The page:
MP warns government to step up action to improve Hampshire's soil health
ENVIRONMENT chiefs in the government have been urged to step up their action to improve ‘soil health’ in Hampshire’s chalk downlands.
Meon Valley MP Flick Drummond issued the demand to leaders during the debate on the Environment Bill in the Commons.
The MP welcomed the legislation’s commitment to an environmental improvement plan, which mentioning soil health and a commitment to achieve sustainable soil management by 2030.
However, she told MPs in the Commons: ‘In Meon Valley, the health of our chalk down land is of primary importance to agriculture and the environment. While we are encouraging farmers to plant more trees and hedges, it is important – especially for small farmers – that we support the productivity and health of pasture land through soil improvement and restoration.
‘As I mentioned in a previous debate, 80 per cent of our soil nationally is dead, so I am particularly interested in how we can promote soil health, which is vital to farm productivity and nature recovery generally. We have cut right back on pollutants we put into the ground, but there remains more we can do to promote healthy soil.’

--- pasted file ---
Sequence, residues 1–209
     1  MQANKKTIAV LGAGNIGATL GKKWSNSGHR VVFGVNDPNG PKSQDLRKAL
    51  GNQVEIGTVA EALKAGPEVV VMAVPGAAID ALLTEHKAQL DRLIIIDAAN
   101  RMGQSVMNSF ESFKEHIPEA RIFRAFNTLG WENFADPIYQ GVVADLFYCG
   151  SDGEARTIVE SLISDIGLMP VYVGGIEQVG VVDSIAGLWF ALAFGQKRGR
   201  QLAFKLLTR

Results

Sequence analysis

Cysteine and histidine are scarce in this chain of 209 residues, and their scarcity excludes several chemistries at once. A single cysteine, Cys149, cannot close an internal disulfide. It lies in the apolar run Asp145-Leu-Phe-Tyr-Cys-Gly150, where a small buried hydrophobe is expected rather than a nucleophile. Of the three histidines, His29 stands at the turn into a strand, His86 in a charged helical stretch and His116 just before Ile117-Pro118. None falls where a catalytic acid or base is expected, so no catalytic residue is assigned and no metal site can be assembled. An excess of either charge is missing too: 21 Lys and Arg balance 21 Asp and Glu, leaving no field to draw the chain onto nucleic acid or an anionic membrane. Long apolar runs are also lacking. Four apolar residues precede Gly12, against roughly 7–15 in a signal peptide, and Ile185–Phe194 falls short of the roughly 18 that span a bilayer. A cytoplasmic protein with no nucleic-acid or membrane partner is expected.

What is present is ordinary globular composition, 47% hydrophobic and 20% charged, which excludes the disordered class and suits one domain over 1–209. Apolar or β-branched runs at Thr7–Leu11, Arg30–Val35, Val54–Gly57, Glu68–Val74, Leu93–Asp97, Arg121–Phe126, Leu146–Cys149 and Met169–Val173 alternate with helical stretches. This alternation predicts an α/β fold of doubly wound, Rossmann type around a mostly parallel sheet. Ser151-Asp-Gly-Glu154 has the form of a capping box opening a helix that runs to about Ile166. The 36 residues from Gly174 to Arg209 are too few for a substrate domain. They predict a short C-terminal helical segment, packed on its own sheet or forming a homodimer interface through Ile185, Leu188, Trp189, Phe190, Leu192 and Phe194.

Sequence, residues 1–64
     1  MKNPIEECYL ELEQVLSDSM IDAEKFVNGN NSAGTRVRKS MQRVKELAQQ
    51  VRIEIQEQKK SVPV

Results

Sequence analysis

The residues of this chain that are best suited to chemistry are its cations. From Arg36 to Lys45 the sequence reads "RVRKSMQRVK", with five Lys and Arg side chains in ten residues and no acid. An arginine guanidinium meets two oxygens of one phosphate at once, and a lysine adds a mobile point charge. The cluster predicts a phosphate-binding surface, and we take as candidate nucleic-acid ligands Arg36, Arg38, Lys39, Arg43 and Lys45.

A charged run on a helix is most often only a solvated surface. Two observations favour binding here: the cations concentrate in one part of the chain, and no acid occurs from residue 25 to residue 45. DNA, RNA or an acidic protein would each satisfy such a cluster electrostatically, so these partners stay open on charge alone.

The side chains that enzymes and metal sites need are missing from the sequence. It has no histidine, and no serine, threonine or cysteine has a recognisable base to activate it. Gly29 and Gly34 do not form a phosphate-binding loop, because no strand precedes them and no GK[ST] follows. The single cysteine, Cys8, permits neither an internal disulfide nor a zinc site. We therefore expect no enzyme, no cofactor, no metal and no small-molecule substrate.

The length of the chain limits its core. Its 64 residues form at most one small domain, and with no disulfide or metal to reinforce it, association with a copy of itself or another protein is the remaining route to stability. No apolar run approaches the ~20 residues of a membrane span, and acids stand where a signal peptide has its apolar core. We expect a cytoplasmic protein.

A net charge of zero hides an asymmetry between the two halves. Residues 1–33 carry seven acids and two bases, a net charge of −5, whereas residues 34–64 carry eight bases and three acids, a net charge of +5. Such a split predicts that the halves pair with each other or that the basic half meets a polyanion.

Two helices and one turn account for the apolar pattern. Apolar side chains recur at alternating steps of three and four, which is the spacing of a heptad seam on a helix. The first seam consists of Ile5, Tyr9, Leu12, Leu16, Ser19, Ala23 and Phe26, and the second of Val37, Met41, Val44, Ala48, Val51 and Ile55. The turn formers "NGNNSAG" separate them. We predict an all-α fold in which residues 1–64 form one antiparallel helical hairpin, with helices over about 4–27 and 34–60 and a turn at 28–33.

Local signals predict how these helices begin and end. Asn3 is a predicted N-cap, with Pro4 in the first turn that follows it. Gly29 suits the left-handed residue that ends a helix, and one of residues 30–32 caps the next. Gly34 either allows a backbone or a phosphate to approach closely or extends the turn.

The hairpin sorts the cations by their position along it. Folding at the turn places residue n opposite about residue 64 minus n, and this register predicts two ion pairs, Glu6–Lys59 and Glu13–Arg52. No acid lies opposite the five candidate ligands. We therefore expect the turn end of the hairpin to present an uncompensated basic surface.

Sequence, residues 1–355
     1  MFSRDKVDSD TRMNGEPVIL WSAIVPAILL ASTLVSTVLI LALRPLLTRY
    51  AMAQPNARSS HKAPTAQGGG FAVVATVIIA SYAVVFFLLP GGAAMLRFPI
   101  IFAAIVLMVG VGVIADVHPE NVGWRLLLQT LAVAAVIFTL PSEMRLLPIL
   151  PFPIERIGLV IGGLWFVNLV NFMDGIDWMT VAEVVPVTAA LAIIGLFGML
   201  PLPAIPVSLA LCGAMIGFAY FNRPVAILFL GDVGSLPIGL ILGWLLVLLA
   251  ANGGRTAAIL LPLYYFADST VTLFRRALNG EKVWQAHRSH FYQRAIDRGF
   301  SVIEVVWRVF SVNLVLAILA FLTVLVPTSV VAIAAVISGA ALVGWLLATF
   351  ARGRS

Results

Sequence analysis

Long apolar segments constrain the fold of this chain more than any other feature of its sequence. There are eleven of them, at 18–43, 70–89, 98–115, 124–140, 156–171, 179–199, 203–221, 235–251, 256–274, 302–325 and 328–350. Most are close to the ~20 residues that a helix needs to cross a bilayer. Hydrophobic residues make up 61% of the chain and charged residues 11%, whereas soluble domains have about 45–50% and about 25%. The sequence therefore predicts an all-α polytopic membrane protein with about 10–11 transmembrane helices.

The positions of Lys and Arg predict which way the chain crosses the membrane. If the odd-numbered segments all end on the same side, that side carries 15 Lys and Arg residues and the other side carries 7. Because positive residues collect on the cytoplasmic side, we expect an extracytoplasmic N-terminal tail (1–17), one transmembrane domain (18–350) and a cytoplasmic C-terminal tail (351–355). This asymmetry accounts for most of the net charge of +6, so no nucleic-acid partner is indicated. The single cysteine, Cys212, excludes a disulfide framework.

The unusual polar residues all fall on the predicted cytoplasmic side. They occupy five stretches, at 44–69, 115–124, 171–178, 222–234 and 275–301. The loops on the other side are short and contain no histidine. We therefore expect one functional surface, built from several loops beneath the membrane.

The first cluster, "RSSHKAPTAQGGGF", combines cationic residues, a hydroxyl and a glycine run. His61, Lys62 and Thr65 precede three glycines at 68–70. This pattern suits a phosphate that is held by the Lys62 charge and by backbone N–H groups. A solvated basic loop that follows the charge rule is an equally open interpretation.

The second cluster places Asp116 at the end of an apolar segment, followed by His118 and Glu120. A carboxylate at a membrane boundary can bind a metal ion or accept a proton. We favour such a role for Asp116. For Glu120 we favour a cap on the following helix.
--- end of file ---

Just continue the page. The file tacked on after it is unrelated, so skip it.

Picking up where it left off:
Mrs Drummond said she wanted to see a plan for all five of the UK's identified soil types to promote better health and recovery.
‘Pasture land is a key component of this and is vital to farmers across Meon Valley, with many finding that soil can be regenerated through improved carbon capture, water infiltration, soil fertility and nutrient cycling. They see an increase in biodiversity, and we need to support them.
‘In addition, healthier pasture lands lead to lower fertiliser and pesticide use, which can in turn benefit the health of our rivers,’ she said.
Flick added she welcomed clauses on river water abstraction limits, in particular for Hampshire’s chalk streams, which includes the Meon and the Itchen.
‘Chalk streams across the country are already in a shocking state of health,’ she warned MPs.
‘The WWF report says that only 12 out of England’s 224 chalk streams are protected, and of those, only 15 per cent are classed as adequately protected and meeting conservation objectives.
‘I am pleased that both rivers in my constituency are among the few protected, but better management of pasture land will reduce the need for pesticides and fertilisers that run off to pollute rivers.’